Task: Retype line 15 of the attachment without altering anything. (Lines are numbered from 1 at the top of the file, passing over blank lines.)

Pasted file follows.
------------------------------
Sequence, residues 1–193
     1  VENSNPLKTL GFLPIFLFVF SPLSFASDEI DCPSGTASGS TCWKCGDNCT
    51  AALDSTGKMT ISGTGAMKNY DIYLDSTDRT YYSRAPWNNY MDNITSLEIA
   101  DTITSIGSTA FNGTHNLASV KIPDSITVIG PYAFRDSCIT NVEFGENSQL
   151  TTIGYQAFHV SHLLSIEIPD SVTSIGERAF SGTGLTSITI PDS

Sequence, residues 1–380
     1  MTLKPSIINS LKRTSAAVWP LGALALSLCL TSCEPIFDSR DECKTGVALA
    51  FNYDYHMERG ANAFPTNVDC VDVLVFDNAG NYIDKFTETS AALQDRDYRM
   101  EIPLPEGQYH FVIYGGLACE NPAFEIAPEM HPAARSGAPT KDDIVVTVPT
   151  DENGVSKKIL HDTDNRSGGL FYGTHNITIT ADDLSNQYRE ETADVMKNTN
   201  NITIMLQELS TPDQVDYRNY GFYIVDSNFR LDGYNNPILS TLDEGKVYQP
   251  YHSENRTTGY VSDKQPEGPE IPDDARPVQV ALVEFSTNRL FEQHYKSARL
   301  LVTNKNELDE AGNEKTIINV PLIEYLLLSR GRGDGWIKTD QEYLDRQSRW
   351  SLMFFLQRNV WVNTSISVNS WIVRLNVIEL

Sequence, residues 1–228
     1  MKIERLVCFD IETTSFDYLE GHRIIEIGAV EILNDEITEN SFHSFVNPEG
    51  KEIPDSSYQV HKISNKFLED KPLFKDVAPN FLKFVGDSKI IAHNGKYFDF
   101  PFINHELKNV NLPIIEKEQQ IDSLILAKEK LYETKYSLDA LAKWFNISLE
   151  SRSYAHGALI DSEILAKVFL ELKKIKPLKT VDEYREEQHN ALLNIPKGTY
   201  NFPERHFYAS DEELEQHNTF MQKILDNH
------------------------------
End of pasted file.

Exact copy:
Sequence, residues 1–228